|Congenital nemaline myopathy (neuromuscular disorder)|
|Specialty||Neurology, neuromuscular medicine|
|Causes||Autoimmune disorders, genetic disorders, environmental factors|
|Diagnostic method||Muscle electrophysiology tests, genetic testing|
|Treatment||Depends on the disorder; many currently have no cure|
Neuromuscular disease is a broad term that encompasses many diseases and ailments that impair the functioning of the muscles, either directly, being pathologies of the voluntary muscle, or indirectly, being pathologies of nerves or neuromuscular junctions.
Neuromuscular diseases are those that affect the muscles and their direct nervous system control; problems with central nervous control can cause either spasticity or some degree of paralysis (from both lower and upper motor neuron disorders), depending on the location and the nature of the problem. Some examples of central disorders include cerebrovascular accident, Parkinson's disease, multiple sclerosis, Huntington's disease and Creutzfeldt–Jakob disease. Spinal muscular atrophies are disorders of lower motor neuron while amyotrophic lateral sclerosis is a mixed upper and lower motor neuron condition.[medical citation needed]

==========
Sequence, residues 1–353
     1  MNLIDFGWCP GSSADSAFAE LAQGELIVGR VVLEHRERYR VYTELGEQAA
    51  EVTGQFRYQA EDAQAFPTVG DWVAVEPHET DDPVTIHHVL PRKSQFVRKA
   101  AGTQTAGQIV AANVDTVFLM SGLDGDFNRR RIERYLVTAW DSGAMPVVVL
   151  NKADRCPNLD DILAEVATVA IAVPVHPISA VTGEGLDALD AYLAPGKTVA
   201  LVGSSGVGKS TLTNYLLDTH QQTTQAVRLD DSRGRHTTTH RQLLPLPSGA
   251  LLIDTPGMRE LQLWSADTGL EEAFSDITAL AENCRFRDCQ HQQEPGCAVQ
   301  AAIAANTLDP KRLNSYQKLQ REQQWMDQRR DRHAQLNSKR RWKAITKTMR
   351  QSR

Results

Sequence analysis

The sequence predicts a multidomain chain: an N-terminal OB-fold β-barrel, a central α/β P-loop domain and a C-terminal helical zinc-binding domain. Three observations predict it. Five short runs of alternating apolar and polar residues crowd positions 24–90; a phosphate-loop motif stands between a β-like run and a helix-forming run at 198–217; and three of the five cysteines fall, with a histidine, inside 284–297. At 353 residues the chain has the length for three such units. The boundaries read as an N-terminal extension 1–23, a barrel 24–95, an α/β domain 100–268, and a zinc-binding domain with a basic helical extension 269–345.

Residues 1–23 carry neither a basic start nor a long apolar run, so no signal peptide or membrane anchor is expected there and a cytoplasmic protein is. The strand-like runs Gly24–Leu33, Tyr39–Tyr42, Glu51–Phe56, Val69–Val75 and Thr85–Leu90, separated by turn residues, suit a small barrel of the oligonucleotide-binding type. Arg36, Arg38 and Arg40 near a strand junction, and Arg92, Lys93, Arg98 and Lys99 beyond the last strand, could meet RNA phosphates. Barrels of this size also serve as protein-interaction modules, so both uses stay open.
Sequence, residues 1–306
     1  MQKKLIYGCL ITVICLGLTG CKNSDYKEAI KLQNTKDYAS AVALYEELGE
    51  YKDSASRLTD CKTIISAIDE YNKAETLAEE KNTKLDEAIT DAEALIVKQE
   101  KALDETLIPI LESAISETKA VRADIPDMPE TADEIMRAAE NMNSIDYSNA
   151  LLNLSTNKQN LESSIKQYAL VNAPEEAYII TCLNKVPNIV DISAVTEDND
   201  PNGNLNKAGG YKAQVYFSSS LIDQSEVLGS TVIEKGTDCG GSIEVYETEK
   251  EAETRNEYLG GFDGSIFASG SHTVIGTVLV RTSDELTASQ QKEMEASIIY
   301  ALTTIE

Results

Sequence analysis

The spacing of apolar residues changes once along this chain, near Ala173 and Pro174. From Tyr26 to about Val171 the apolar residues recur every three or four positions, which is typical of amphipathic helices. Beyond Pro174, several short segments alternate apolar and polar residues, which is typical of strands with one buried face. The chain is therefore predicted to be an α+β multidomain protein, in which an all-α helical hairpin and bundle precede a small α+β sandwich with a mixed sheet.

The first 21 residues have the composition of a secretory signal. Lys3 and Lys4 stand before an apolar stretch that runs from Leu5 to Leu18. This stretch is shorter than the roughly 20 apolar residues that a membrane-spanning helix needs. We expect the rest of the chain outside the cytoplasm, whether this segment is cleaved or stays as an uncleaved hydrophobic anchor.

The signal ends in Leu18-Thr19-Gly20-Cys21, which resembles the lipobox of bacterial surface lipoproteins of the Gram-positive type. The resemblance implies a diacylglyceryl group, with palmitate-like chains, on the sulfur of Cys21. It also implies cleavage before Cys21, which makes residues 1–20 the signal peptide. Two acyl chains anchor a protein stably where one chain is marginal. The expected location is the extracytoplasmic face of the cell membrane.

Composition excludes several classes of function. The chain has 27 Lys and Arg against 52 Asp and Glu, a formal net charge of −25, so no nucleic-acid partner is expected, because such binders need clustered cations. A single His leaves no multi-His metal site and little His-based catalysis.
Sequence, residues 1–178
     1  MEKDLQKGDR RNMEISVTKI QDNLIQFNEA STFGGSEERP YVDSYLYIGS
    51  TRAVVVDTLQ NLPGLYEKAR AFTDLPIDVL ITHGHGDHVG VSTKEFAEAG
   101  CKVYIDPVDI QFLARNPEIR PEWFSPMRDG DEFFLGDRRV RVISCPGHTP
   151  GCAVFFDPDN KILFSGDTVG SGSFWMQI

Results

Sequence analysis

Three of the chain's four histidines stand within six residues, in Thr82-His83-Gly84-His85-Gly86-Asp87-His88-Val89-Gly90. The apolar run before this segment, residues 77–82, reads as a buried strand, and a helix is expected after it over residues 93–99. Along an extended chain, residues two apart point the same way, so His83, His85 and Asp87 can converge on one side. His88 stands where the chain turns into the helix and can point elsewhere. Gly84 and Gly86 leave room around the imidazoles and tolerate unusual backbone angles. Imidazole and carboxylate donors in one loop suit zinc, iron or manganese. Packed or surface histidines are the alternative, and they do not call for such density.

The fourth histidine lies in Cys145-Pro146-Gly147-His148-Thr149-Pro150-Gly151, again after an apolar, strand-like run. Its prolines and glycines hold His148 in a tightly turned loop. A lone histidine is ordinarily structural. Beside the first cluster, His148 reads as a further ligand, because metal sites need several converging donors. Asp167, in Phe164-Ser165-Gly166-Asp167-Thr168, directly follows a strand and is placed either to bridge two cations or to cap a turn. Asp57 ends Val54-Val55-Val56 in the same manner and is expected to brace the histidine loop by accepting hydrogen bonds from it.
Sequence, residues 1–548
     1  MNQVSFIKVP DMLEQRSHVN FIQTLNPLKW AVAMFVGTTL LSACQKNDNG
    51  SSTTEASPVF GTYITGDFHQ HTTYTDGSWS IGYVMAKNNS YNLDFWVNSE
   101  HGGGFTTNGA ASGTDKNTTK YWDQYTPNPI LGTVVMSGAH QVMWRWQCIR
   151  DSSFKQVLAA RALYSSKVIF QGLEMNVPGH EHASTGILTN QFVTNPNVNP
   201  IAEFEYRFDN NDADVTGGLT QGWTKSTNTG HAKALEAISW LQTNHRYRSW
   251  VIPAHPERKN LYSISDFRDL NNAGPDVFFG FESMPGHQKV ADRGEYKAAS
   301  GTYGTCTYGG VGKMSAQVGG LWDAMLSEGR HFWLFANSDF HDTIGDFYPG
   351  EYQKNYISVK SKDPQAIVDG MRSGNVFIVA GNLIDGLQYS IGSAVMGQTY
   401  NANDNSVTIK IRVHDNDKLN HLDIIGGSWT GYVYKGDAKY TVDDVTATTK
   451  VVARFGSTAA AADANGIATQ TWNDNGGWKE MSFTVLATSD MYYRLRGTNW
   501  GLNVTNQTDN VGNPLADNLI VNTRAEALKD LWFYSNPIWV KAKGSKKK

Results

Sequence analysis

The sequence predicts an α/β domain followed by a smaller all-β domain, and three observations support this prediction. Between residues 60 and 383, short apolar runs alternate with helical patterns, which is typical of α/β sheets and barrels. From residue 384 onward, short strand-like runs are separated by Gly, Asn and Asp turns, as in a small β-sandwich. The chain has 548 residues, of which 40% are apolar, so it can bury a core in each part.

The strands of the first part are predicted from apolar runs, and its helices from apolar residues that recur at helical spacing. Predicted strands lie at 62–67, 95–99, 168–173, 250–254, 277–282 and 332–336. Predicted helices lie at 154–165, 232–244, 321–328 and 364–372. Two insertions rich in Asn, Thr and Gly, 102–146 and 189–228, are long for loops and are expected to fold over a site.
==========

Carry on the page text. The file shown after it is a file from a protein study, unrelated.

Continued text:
Neuromuscular disease can be caused by autoimmune disorders, genetic/hereditary disorders and some forms of the collagen disorder Ehlers–Danlos Syndrome, exposure to environmental chemicals and poisoning which includes heavy metal poisoning. The failure of the electrical insulation surrounding nerves, the myelin, is seen in certain deficiency diseases, such as the failure of the body's system for absorbing vitamin B-12
Diseases of the motor end plate include myasthenia gravis, a form of muscle weakness due to antibodies against acetylcholine receptor, and its related condition Lambert-Eaton myasthenic syndrome (LEMS). Tetanus and botulism are bacterial infections in which bacterial toxins cause increased or decreased muscle tone, respectively. Muscular dystrophies, including Duchenne's and Becker's, are a large group of diseases, many of them hereditary or resulting from genetic mutations, where the muscle integrity is disrupted, they lead to progressive loss of strength and decreased life span.
Further causes of neuromuscular diseases are :
Inflammatory muscle disorders
Diagnostic procedures that may reveal muscular disorders include direct clinical observations. This usually starts with the observation of bulk, possible atrophy or loss of muscle tone. Neuromuscular disease can also be diagnosed by testing the levels of various chemicals and antigens in the blood, and using electrodiagnostic medicine tests including electromyography (measuring electrical activity in muscles) and nerve conduction studies.
Prognosis and management vary by disease.